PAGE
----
The head of Danske Bank should leave his job immediately, following the money-laundering scandal at the Estonian branch of Denmark’s biggest bank, according to the chief executive of one of the country’s largest pension funds.
Thomas Borgen, CEO of Danske Bank, resigned on 19 September – the same day the Nordic banking giant published an internal report into the money-laundering scandal. In a statement announcing Borgen’s decision, Danske said he would continue in his position until a new CEO was appointed.
Jens Munch Holst, chief executive of the DKK114bn (€15.3bn) MP Pension, said: “We have confidence that Danske Bank will safeguard itself as well as possible against money laundering in the future… But we don’t understand how the director Thomas Borgen can still turn up at Danske Bank.”
Holst added: “He must stop immediately… anything else is incomprehensible and unsatisfactory.”
In his resignation statement last week, Borgen took responsibility for the shortcomings, despite Bruun & Hjejle – the law firm that conducted the review of Danske’s Estonian operation – finding that he was not legally culpable.
MP Pension – which covers academics at Denmark’s public sector universities and schools – currently holds almost DKK600m of Danske Bank stock in its portfolio but has “quarantined” the company since July due to its concerns over the money-laundering case, meaning the pension fund cannot add to the position.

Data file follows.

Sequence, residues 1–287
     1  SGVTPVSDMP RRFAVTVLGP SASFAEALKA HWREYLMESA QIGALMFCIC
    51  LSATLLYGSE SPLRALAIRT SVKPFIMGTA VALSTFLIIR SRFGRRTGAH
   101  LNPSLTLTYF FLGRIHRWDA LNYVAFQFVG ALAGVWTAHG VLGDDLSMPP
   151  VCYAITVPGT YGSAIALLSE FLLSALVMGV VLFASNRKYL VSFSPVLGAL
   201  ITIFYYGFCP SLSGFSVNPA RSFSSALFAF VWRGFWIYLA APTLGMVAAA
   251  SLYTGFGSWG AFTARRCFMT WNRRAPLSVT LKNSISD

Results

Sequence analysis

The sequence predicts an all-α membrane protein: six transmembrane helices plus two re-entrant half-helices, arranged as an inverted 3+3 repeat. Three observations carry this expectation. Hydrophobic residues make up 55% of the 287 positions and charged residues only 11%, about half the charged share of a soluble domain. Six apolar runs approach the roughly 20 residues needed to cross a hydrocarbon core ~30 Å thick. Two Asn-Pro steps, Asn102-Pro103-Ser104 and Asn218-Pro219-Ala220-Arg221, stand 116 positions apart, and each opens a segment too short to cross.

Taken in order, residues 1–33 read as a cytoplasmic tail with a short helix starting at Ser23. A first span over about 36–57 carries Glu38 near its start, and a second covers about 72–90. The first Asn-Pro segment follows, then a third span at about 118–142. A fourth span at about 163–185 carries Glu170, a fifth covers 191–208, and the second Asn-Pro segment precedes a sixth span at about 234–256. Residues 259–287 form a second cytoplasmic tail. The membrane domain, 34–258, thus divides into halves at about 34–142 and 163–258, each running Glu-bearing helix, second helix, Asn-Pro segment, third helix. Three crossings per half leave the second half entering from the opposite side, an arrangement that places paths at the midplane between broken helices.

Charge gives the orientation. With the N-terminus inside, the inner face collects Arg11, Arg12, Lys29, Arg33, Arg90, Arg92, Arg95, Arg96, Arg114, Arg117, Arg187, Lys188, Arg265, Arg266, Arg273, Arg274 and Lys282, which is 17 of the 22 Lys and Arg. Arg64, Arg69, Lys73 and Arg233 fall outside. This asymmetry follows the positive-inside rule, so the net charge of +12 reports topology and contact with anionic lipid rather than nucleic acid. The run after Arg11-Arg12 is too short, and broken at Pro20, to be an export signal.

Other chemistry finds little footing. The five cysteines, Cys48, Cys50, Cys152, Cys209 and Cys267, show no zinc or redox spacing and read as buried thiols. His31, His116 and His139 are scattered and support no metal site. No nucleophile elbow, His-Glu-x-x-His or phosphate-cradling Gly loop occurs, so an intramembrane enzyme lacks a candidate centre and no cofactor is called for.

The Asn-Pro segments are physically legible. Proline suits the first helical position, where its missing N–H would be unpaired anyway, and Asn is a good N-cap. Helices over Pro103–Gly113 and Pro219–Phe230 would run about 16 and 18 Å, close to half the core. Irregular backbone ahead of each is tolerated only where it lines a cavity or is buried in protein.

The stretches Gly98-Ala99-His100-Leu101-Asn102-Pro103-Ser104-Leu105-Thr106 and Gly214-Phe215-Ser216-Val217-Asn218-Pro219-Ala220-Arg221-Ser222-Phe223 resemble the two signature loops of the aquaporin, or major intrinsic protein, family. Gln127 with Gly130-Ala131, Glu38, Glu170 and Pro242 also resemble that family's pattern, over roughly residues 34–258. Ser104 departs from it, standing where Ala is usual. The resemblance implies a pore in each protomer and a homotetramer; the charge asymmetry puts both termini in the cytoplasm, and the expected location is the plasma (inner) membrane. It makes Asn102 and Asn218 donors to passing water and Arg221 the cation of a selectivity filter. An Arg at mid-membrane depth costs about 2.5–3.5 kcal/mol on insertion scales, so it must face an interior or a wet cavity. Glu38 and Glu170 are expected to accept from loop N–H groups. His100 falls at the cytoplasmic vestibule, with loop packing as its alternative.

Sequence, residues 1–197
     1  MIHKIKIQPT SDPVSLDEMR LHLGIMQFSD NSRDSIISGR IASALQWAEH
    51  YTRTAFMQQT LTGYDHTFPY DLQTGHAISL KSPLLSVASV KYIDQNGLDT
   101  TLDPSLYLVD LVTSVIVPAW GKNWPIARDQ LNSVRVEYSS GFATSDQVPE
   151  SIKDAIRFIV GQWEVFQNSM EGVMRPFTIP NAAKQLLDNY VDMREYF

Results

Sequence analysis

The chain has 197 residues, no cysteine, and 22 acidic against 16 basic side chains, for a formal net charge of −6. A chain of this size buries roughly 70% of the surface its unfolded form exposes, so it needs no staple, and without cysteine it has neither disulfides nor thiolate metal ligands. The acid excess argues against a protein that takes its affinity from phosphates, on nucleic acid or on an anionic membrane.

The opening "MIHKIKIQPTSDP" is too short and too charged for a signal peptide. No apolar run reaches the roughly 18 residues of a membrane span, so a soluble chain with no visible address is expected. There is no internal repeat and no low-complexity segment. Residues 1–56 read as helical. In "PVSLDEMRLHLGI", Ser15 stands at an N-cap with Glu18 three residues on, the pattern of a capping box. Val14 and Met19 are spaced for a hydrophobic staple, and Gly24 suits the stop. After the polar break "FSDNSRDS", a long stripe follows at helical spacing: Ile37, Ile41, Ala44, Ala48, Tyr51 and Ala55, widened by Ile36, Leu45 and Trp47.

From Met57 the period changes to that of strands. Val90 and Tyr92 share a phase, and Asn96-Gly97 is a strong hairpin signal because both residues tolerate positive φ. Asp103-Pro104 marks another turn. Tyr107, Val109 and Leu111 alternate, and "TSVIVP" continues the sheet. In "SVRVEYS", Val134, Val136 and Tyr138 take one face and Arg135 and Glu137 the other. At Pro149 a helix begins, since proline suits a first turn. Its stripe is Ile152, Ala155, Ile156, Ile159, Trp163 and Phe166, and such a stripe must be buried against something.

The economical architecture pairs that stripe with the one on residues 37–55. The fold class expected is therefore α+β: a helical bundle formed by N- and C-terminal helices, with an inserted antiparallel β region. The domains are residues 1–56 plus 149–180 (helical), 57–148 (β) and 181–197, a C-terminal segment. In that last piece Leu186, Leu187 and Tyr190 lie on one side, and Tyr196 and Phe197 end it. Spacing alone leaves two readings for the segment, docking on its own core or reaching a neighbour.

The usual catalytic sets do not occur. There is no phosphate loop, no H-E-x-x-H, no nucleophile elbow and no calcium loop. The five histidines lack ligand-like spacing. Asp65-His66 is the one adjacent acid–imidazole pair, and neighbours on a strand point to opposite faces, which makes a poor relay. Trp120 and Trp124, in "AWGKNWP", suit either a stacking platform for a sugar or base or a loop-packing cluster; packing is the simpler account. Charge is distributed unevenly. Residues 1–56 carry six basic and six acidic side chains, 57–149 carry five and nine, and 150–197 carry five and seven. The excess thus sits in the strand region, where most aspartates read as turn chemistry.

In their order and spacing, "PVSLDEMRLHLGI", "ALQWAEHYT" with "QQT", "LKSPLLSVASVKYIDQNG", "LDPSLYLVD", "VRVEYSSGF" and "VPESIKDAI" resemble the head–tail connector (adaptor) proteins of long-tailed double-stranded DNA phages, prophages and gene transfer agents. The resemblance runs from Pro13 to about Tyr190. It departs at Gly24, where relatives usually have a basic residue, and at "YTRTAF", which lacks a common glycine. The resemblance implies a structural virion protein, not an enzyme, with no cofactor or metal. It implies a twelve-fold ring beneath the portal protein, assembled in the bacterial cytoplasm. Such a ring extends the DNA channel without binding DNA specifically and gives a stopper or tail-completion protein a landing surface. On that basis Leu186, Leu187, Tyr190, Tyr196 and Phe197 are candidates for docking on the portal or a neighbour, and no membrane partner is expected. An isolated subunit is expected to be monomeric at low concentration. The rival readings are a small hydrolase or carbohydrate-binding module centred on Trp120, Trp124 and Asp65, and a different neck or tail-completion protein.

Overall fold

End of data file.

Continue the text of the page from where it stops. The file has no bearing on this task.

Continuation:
However, Holst emphasised that the bank and its staff were running a good business overall. MP Pension’s investment team had discussed whether the equities should be sold off entirely, but Holst said that it did not think this was appropriate.
“Danske Bank is important for the whole of Danish society,” Holst said. “So we prefer to remain as owners of the company in order to make our influence count.”
A year ago, Danske launched an investigation into its branch in Estonia because of suspicions that it had been used to launder several billion kroner between 2007 and 2015.
The resulting report found that staff in Tallinn may have helped or colluded with customers on suspicious transactions. It identified around 15,000 customers as being associated with a non-resident portfolio in question, and a total flow of payments of some €200bn. Danske Bank said a “significant part” of this was likely to be suspicious.
At the time of publication Danske Bank had not responded to questions from IPE on the implications of the scandal for its pensions business, Danica Pension.
Danske Bank’s share price has lost more than a quarter of its value since the start of this year, falling from DKK242 at the start of January to DKK170 when the Danish stock market closed on 21 September.